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keywords = neuropathy
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9/145. colchicine myoneuropathy in a renal transplant patient.

    colchicine is widely employed for the treatment of gout in renal transplant patients where NSAIDs are contra-indicated and allopurinol prophylaxis is often avoided due to concomitant azathioprine immunosuppression. We report here a case of colchicine-induced myoneuropathy in a renal transplant recipient. Our patient had myalgia, muscle weakness, elevated creatine kinase levels, myopathic changes on electromyography and peripheral neuropathy. Withdrawal of colchicine resulted in recovery within 4 weeks. Renal transplant recipients are likely to be at greater risk of colchicine-induced myoneuropathy due to the unique concurrence of risk factors predisposing to toxicity in such patients. These risk factors include the high incidence of gout in this population, widespread use of colchicine as first-line therapy, impaired renal function and concomitant cyclosporin treatment. The diagnosis should be considered in any renal transplant recipient receiving the drug who develops myopathy. Prompt withdrawal of colchicine therapy should result in rapid clinical and biochemical improvement.
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ranking = 7
keywords = neuropathy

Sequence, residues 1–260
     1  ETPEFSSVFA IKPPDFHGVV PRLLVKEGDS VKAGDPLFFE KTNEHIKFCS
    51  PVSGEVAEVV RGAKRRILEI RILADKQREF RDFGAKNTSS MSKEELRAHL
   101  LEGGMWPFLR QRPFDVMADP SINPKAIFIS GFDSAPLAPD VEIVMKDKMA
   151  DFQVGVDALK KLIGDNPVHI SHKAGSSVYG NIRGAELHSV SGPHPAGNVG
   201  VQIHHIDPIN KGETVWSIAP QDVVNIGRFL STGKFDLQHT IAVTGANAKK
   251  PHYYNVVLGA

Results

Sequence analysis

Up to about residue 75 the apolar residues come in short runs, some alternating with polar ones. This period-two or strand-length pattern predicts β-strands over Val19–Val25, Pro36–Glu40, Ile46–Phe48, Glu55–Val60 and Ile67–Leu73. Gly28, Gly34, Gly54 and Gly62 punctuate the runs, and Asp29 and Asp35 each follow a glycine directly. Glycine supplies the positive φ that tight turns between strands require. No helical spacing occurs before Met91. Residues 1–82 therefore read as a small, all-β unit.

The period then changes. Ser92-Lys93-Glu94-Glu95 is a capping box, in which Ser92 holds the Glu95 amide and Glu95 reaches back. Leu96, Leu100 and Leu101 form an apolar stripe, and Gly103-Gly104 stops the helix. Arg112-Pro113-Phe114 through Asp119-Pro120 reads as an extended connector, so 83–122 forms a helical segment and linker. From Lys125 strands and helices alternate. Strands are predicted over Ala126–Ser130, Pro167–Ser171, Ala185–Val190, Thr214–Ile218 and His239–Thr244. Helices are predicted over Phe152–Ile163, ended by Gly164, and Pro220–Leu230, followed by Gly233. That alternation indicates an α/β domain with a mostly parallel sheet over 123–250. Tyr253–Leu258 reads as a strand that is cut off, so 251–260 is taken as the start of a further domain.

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10/145. colchicine neuromyopathy: a report of six cases.

    colchicine has been in use for therapeutic purposes for many years. It can, however, cause subacute onset muscle and peripheral nerve toxicity in patients with chronic renal failure. In this report we describe 6 patients who developed neuromyopathy after the administration of colchicine. All patients presented with proximal muscle weakness, elevated serum creatine kinase (CK) levels, and neuropathy and/or myopathy on electromyography (EMG). The diagnosis of colchicine toxicity was confirmed in all cases by the normalization of CK levels and EMG after discontinuation of the drug. Toxicity developed in 4 renal failure patients on therapeutic doses of the drug, while one patient took a massive dose for suicidal reasons, and the other was on high-dose therapy. patients using colchicine--especially those with renal failure--should be warned about the side effects of the drug and physicians should be careful in the administration of the drug.
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keywords = neuropathy